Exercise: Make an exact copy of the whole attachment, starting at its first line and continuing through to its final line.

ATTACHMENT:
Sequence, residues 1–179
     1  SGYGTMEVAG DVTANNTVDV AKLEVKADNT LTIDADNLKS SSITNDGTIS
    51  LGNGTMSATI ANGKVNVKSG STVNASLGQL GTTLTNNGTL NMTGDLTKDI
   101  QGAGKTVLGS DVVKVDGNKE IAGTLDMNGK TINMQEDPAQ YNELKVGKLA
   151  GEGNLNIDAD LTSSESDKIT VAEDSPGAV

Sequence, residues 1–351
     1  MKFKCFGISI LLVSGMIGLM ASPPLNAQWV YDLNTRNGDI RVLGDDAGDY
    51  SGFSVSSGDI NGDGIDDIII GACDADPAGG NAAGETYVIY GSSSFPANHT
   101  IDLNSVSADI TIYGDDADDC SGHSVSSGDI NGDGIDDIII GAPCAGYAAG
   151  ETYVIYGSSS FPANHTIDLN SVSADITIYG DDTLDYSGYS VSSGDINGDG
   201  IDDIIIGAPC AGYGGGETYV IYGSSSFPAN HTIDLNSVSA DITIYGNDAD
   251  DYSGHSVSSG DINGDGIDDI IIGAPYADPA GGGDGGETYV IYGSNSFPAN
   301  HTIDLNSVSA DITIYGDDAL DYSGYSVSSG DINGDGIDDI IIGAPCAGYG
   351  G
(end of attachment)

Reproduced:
Sequence, residues 1–179
     1  SGYGTMEVAG DVTANNTVDV AKLEVKADNT LTIDADNLKS SSITNDGTIS
    51  LGNGTMSATI ANGKVNVKSG STVNASLGQL GTTLTNNGTL NMTGDLTKDI
   101  QGAGKTVLGS DVVKVDGNKE IAGTLDMNGK TINMQEDPAQ YNELKVGKLA
   151  GEGNLNIDAD LTSSESDKIT VAEDSPGAV

Sequence, residues 1–351
     1  MKFKCFGISI LLVSGMIGLM ASPPLNAQWV YDLNTRNGDI RVLGDDAGDY
    51  SGFSVSSGDI NGDGIDDIII GACDADPAGG NAAGETYVIY GSSSFPANHT
   101  IDLNSVSADI TIYGDDADDC SGHSVSSGDI NGDGIDDIII GAPCAGYAAG
   151  ETYVIYGSSS FPANHTIDLN SVSADITIYG DDTLDYSGYS VSSGDINGDG
   201  IDDIIIGAPC AGYGGGETYV IYGSSSFPAN HTIDLNSVSA DITIYGNDAD
   251  DYSGHSVSSG DINGDGIDDI IIGAPYADPA GGGDGGETYV IYGSNSFPAN
   301  HTIDLNSVSA DITIYGDDAL DYSGYSVSSG DINGDGIDDI IIGAPCAGYG
   351  G